Mr. McCain, the presumptive Republican nominee, is to provide an audience of Houston oil executives with more details of his proposal to lift the federal moratorium on offshore oil and gas exploration in states that want it. Mr. McCain’s position is welcome news for the oil industry, which has called for years for the ban to be lifted.

"With gasoline running at more than four bucks a gallon, many do not have the luxury of waiting on the far-off plans of futurists and politicians," Mr. McCain plans to say. "We have proven oil reserves of at least 21 billion barrels in the United States. But a broad federal moratorium stands in the way of energy exploration and production, and I believe it is time for the federal government to lift these restrictions and to put our own reserves to use." Mr. McCain first made public his position on the moratorium on Monday in Virginia.

Just so this is clear: On the same day that John McCain releases a new ad discussing his commitment to confronting climate change, he also proposes drilling for offshore oil and gas.

Politically, McCain may be seeking the energy security mantle, but he will have trouble claiming to care about climate at the same time, especially when it looks like he is just giving handouts to the oil industry. This move will not help in the short term as wells in these places will not come online tomorrow, and the amount of oil and natural gas extracted would not lower prices in any meaningful way.

Plus, offshore drilling is so unpopular in Florida, that even Jeb Bush opposed it as Governor. In fact, as First Read points out:

No Republicans in Florida have gotten elected statewide without endorsing the moratorium on off-shore oil drilling.

Between this drilling proposal and the gas tax holiday, it sounds like John McCain’s Straight Talk Express may be in bad need of a fill-up.

The Price of Energy Security

The Front Page of yesterday’s Wall Street Journal features an excellent article by Guy Chazan entitled “Russia Outflanks EU’s Pipeline Bid.” The article describes Russia’s efforts to dominate European natural gas supply and politics by outmaneuvering American backed European attempts to build a pipeline to make them less reliant on Russian natural gas. The potential for heavy-handed petropolitics, exemplified by Russia’s 2006 shut-off of gas to Ukraine, has American policy makers concerned once more about Russia’s political influence in Europe.

During the Cold War, the balance of power was measured in nuclear warheads. Now a new kind of contest is playing out. The battlefield is Europe's energy market. The objective is pipeline proliferation. And Russia is winning.

Europe is witnessing a race between two mammoth pipeline projects that would bring natural gas to the Continent from the Caspian and beyond. One of the plans -- hatched in Europe, championed by Washington and named for a Verdi opera -- has been hobbled by bureaucracy. The other, backed by the Kremlin, is rolling ahead with a speed and success that has surprised and frustrated the West. The outcome could shape energy supplies, and political influence, in Europe for decades to come.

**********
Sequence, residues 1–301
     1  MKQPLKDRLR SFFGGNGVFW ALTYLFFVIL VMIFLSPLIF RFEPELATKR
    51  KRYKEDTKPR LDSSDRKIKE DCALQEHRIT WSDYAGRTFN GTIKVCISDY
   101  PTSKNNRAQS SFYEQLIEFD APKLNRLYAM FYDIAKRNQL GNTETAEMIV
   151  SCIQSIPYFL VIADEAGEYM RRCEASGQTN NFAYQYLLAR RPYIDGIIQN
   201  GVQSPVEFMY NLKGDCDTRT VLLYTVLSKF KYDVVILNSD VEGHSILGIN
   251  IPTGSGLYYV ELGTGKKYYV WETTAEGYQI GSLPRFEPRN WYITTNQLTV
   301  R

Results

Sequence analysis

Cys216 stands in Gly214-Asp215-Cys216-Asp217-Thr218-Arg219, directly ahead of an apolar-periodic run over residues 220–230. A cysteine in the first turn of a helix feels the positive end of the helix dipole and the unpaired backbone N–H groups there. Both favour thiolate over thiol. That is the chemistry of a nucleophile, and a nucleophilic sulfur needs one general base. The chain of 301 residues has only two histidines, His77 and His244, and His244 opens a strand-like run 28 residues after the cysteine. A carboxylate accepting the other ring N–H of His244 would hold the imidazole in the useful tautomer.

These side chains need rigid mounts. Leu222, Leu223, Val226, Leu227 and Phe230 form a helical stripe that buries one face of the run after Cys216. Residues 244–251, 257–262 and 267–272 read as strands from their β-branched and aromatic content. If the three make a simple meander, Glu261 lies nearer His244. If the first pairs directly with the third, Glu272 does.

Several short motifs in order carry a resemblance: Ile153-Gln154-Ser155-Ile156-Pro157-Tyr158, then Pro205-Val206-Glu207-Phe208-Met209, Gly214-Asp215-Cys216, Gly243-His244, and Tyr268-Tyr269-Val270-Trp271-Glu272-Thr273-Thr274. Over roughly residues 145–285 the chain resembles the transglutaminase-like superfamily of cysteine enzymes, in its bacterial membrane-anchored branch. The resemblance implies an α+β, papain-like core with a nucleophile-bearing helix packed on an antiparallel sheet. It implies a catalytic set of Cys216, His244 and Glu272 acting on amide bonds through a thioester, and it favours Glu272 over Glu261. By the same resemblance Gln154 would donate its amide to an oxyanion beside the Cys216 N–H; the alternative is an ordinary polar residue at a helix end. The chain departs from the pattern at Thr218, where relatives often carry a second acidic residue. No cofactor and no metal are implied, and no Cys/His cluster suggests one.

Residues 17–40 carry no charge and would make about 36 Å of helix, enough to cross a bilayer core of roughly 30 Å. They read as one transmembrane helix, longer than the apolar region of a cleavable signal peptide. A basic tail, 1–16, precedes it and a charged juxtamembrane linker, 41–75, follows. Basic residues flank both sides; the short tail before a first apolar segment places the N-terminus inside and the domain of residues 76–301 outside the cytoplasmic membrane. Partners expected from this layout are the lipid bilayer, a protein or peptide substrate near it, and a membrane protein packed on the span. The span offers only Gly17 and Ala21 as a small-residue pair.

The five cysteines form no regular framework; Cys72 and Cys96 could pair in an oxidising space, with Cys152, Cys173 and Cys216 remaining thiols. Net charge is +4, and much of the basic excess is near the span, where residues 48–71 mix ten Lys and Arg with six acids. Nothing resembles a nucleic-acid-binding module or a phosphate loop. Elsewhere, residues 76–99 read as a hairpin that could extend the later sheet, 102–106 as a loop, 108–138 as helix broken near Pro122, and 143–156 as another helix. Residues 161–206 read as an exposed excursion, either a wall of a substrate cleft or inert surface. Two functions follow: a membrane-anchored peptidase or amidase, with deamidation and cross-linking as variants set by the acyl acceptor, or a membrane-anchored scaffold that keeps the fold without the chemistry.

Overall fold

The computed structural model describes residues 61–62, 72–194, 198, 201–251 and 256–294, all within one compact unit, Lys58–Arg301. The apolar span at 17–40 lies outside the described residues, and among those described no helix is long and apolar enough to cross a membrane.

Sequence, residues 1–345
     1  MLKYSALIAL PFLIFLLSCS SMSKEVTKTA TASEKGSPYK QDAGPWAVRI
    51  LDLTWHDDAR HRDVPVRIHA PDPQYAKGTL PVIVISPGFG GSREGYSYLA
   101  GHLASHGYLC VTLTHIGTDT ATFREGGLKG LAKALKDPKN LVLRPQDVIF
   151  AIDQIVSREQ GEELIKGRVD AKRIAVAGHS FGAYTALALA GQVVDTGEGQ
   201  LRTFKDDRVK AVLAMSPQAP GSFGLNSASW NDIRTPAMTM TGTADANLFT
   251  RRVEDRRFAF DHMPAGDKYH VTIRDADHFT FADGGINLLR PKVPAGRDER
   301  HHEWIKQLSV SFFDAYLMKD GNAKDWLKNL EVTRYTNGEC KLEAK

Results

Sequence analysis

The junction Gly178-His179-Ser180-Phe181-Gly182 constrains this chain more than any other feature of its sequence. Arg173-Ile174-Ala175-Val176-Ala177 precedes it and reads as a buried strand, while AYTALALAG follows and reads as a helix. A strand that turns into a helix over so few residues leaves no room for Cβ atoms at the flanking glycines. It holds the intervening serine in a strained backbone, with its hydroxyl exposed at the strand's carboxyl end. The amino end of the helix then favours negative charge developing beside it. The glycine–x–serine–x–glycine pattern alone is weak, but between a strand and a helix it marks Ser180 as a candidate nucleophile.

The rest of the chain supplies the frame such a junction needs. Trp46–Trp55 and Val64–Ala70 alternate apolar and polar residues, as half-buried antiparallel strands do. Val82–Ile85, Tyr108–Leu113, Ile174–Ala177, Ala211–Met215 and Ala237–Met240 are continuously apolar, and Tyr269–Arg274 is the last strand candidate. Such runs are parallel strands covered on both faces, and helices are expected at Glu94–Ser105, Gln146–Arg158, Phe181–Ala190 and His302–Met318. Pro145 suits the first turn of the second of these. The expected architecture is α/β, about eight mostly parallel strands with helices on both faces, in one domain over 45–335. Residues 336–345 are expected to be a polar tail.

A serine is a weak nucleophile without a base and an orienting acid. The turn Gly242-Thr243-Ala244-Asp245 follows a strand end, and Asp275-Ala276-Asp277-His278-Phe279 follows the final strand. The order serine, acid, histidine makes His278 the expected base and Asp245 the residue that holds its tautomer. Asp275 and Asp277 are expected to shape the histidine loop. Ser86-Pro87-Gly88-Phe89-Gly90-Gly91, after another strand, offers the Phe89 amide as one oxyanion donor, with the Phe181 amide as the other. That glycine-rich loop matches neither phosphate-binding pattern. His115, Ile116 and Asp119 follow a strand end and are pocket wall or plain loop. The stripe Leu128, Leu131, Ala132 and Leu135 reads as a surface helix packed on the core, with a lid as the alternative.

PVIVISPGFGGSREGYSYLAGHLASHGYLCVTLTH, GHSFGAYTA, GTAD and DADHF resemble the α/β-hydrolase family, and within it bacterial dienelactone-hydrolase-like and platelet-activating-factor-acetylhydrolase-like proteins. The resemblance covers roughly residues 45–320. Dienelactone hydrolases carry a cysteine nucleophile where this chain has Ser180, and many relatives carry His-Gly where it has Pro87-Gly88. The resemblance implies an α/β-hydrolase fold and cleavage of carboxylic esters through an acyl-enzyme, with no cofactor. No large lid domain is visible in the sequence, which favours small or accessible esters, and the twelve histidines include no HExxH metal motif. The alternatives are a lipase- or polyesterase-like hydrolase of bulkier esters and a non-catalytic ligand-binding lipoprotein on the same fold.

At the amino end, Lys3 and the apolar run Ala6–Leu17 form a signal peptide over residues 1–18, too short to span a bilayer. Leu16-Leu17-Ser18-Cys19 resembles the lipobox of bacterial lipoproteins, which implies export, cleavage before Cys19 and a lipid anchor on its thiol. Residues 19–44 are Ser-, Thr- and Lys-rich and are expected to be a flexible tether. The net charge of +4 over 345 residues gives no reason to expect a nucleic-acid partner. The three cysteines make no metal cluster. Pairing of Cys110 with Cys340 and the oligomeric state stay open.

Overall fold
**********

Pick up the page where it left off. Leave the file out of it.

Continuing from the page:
Europe is not the only place this dynamic is playing out. Chinese influence in oil-rich African nations has been much maligned due to a policy emphasis energy security, even at the expense of human rights. (Sudan is only one, albeit the most publicized, example of Chinese influence on the region.) This political turmoil, as well as high prices domestically, means that energy security has emerged as a hot topic in American media.

Responding to Chazan’s article on the Wall Street Journal’s "Environmental Capital" blog, Keith Johnson argues that:

You can have energy security, you can give consumers a break, or you can do something for the environment. But aiming for all three at once—that is, what passes for energy policy in the U.S. and Europe—appears next to impossible.

Take the U.S. High oil prices have given legs to Big Oil’s demand for more access to federal lands and coastal areas—a bid for energy security–even while many in Congress are still opposed. But environmentalists figure high oil prices will spur alternative energy and help fight climate change. The Liberman-Warner climate bill foundered thanks in part to high energy prices right now. Meanwhile, the consumer gets whacked regardless—with higher gas prices, or higher electricity bills, or both.

As the scramble for energy heats up, it’s useful to remember that the rules of the game aren’t changing—the game itself is. Energy policy isn’t a cardigan moment or a Rose Garden speech—it’s become the currency of international influence. And the countries that ruthlessly focus on one pillar, rather than trying to juggle all three, are more likely to come out ahead.

Johnson is incorrect to argue that this is a new dynamic, however. Energy security has been the backbone of American politics in the Middle East since the Presidency of Franklin Roosevelt, and what has been called a “New Great Game” in Central Asia has been an ongoing chess match over oil and natural gas for decades. Johnson is correct that a ruthless pursuit of energy security is more likely to work than other approaches, but the solution to this energy security issue has little to do with climate or economic security. Rather, Europe needs to employ stronger policies and act in a more hard-nosed fashion against Russian advances, and doing so does not mean subverting goals of handling climate change. This is more a matter of having leadership that knows when the trade-off of playing hardball in favor of political security is well worth it.